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Too Many Cooks Spoil the Broth? Geographic Concentration, Social Norms, and Knowledge Transfer

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Abstract

A long tradition in social science research emphasizes the potential for knowledge to flow among firms co-located in dense areas. Scholars have suggested numerous modes for these flows, including the voluntary transfer of private knowledge from one firm to another. Why would the holder of valuable private knowledge willingly transfer it to a potential and closely proximate competitor? In this paper, we argue that geographic concentration has an effect on the expected compliance with norms governing the use of transferred knowledge. The increased expected compliance favors trust and initiates a process of reciprocal exchange. To test our theory, we use a scenario-based field experiment in gourmet cuisine, an industry in which property rights do not effectively protect knowledge and geographic concentration is common. Our results confirm our conjecture by showing that the expectation that a potential co-located firm will abide by norms mediates the relationship between geographic concentration and the willingness to transfer private knowledge.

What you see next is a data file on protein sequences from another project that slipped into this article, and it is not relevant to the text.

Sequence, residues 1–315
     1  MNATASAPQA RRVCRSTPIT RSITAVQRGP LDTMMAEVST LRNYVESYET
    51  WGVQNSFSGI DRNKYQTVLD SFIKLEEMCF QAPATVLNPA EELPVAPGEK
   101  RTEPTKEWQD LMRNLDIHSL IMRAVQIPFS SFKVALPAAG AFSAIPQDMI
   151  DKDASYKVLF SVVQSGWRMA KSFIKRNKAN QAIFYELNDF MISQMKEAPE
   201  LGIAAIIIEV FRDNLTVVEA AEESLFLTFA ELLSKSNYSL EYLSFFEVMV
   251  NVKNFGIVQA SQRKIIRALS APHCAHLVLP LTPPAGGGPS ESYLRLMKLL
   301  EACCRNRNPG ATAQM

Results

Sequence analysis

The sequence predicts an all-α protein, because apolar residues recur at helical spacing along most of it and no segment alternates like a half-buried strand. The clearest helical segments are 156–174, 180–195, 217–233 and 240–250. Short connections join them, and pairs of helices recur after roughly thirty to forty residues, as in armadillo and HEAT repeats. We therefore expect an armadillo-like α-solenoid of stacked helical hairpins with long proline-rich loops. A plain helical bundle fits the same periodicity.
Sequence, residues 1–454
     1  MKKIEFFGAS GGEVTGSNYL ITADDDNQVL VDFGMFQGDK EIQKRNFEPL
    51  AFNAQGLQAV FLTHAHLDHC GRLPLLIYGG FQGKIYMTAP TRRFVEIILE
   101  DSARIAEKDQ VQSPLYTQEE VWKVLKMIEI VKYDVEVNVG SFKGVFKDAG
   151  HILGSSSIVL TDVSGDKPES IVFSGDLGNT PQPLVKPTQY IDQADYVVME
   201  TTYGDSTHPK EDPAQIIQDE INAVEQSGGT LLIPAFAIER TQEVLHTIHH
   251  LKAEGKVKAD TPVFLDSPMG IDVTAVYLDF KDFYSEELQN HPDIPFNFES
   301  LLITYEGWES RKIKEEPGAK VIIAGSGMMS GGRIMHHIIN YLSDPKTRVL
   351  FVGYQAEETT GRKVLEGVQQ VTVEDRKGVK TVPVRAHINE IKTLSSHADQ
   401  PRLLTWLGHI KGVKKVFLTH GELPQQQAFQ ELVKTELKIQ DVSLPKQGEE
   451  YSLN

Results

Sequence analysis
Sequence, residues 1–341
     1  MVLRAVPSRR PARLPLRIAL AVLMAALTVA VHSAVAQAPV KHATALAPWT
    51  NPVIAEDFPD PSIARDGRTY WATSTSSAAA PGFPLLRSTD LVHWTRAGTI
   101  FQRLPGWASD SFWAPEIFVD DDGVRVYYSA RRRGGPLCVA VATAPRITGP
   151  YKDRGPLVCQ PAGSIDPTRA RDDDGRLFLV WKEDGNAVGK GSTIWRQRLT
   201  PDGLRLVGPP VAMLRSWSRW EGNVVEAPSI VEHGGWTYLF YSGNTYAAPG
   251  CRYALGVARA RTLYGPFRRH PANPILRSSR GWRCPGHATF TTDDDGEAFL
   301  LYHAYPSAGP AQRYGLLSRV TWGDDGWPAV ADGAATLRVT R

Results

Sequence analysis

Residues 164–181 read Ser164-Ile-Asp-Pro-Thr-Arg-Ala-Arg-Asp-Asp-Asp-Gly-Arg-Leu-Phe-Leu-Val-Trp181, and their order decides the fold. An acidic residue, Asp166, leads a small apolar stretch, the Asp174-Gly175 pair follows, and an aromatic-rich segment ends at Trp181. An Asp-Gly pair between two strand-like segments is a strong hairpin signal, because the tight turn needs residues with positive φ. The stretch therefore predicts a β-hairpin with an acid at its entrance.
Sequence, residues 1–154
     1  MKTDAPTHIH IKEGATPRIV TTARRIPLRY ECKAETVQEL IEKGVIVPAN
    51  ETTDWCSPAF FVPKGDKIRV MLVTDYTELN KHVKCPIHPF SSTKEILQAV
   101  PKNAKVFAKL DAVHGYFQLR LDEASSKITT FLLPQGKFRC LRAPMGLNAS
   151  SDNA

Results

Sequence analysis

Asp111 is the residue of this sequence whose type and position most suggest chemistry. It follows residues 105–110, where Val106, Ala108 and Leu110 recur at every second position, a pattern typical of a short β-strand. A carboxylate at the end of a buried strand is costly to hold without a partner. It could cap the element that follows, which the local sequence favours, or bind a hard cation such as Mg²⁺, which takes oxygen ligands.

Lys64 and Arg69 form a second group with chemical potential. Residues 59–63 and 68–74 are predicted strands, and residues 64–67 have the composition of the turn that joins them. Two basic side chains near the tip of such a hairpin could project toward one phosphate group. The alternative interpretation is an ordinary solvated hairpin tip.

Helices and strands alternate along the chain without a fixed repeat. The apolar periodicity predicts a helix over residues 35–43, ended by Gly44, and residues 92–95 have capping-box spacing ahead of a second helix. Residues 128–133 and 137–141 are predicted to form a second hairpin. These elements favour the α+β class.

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hal-01985373 , version 1 (17-01-2019)

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  • HAL Id : hal-01985373 , version 1

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Giada Di Stefano, Andrew D. King, Gianmario Verona. Too Many Cooks Spoil the Broth? Geographic Concentration, Social Norms, and Knowledge Transfer. 2016. ⟨hal-01985373⟩
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